As explained before, when no blazon can be found then one can only resort to replication by visual inspection. Speaker’s House is often used for public events, and pictures often make their way online. Of course, the photographers are typically not there to take closeups of the wall decorations, but in a handful of cases I was able to get a good look at the escutcheons which had previously eluded me. The shields are arranged sequentially, so that if at least one of them is already known then a viewer can count along the line to identify the others. It was an easy deduction that the Stuart-era royal arms defaced by a bendlet sinister would belong to Edward Fitzroy, agnate of the Dukes of Grafton. Selwyn-Lloyd’s could be spotted two spaces down from Weatherill’s, but the depth of field made it difficult to precisely identify the charges.
Michael Martin’s arms were a challenge to reproduce as they contain a great many non-standard charges and a motto in Gaelic, “Gorbals Mick” wishing to emphasise the proletarian lineage which set him apart from most other politicians. The display of large graphics online had become much easier by the time John Bercow matriculated his arms, so that their appearance was widely distributed by various news outlets. There is currently some uncertainty as to when, if ever, he will relinquish the chair, but it is likely that the achievements of his eventual successors will receive similar publicity.
The only remaining gaps in the list are for John Henry Whitley and Sir Harry Hylton-Foster, both of whose shields I have seen in the photographs, but too far away to capture the fine details. The latter case is especially infuriating because although Sir Harry perished as a mere knight, a barony was conferred upon his widow, Audrey – who also happened to be Ruffside’s daughter. I sought out her entry in Debrett’s expecting to see the arms of her father and husband impaled, but instead the books gave her no heraldic information at all.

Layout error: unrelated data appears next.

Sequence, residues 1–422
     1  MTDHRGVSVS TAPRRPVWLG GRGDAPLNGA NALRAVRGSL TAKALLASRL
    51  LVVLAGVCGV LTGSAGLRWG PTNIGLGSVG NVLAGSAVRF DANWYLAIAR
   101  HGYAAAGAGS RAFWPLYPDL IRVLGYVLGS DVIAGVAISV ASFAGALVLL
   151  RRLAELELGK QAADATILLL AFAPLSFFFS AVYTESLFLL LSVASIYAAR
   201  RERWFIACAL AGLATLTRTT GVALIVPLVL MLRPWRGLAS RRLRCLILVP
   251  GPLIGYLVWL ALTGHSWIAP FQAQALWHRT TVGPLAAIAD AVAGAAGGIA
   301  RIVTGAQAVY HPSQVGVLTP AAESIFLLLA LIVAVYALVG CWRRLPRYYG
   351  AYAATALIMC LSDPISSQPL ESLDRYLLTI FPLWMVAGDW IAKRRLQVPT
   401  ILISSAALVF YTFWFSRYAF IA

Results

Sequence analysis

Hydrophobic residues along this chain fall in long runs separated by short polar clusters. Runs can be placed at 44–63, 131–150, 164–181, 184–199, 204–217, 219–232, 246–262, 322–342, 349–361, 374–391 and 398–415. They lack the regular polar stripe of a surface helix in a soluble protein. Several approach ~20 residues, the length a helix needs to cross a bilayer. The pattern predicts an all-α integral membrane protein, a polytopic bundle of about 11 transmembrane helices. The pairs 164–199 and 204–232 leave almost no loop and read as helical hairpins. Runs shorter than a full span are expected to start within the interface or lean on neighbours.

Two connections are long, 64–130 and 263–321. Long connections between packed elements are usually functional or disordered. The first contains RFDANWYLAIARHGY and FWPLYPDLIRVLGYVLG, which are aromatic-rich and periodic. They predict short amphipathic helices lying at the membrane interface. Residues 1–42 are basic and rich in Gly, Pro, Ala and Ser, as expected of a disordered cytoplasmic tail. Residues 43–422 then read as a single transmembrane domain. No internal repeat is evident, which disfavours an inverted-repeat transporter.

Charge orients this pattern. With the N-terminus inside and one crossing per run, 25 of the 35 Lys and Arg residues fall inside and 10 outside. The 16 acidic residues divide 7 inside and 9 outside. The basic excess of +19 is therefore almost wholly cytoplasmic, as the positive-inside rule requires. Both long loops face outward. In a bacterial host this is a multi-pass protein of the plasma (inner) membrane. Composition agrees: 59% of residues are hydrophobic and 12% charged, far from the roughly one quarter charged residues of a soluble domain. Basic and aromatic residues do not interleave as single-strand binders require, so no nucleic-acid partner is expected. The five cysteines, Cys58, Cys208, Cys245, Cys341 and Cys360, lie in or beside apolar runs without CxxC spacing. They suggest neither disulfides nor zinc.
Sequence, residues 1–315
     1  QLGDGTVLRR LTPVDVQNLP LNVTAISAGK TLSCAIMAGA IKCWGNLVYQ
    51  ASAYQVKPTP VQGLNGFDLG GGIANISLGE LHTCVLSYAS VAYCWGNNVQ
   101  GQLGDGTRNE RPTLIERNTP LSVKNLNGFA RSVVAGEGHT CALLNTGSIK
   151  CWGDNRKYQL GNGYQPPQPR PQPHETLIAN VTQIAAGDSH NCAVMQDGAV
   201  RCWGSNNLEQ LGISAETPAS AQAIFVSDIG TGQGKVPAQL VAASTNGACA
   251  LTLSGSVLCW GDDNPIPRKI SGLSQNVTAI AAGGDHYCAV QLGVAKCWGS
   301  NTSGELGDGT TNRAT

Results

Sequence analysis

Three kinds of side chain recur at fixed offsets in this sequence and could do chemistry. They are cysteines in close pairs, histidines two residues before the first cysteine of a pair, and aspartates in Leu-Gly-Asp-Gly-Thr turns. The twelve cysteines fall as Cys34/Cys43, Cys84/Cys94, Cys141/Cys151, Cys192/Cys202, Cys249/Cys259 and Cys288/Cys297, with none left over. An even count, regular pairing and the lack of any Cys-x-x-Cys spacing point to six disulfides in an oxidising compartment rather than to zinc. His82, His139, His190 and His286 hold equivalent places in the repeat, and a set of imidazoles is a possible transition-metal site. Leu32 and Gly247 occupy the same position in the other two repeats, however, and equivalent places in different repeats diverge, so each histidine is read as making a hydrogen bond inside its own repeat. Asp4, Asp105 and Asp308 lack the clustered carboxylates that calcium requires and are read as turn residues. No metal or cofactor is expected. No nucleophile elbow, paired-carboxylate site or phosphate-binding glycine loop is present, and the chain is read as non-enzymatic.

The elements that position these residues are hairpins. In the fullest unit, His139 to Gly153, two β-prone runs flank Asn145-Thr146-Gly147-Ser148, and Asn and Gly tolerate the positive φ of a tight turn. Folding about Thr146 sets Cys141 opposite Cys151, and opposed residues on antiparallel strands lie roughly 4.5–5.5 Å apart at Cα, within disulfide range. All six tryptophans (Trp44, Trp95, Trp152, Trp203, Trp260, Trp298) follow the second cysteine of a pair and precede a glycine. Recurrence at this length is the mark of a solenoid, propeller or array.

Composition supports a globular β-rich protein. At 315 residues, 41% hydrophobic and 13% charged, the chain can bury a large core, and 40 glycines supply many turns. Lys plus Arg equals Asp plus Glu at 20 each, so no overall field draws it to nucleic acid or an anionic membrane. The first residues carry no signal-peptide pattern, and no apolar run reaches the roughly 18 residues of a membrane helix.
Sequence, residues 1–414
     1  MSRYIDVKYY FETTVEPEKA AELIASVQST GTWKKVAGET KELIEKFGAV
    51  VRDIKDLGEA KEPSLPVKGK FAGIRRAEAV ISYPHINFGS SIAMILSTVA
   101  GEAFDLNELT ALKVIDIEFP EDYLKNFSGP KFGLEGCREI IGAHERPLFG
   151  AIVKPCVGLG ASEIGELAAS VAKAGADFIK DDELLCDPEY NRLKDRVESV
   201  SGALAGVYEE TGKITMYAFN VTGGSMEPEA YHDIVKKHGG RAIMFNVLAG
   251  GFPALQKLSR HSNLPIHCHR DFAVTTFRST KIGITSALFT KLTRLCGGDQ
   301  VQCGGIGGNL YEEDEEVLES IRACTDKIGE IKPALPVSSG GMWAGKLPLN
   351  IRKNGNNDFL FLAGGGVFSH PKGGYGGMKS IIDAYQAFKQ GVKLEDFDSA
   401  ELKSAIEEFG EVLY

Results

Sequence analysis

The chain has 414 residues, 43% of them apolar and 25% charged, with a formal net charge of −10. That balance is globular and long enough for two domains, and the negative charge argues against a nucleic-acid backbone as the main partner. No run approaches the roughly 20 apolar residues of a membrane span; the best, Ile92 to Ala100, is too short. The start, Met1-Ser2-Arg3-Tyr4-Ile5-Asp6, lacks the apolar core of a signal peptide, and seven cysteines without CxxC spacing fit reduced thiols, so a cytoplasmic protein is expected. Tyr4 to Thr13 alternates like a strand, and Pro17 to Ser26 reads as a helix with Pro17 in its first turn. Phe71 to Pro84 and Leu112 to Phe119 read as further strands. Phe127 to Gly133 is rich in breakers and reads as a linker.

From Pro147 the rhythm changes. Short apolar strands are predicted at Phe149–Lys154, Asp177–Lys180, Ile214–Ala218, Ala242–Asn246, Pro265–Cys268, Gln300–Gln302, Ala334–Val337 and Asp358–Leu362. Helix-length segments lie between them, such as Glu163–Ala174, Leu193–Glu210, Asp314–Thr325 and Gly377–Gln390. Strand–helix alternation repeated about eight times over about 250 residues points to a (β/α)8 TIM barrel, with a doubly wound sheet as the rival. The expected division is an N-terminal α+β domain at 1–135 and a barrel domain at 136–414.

As I am unlikely to be invited to the speaker’s residence in person any time soon – being not a politics student, after all – these last two items may well stay beyond my grasp indefinitely. Still, it’s nice to finally have an article I may call my own after all these years.
- E. Churton – The Lives of the Speakers of the House of Commons by James Alexander Manning, 1851.
- Burke’s Peerage – The General Armory of England, Scotland, Ireland & Wales by Sir Bernard Burke, 1864.
- C-SPAN – Bernard Weatherill reflects on his career, 7th April 1992.
- C-SPAN – Betty Boothroyd shows of her residence, 1st July 1995.
- Whitehall 1212 -Torcuil Chrichton sheds some light on Michael Martin’s charges, 4th December 2008.
- UK Parliament – John Bercow is interviewed with some escutcheons behind him, 7th September 2009.
- The Daily Telegraph – Response to Bercow’s arms and portrait by Christopher Hope, 28th November 2011.
- The Guardian – Report on Bercow’s arms, 28th November 2011.
- The Workers’ Photos Archive – Photographs inside the speaker’s chamber, 19th June 2013.
- I CAN – Photograph inside the speaker’s chamber showing the arms of Selwyn Lloyd, 26th November 2013.
- UK Parliament – Bercow before row of escutcheons paying tribute to Jo Cox, 15th June 2017.
- Hansard – Bercow pays tribute to his deceased predecessor, including a brief description of his arms, 1st May 2018.
- Reddit – Members were not impressed by my first attempt at Boothroyd’s lozenge, 28th January 2019.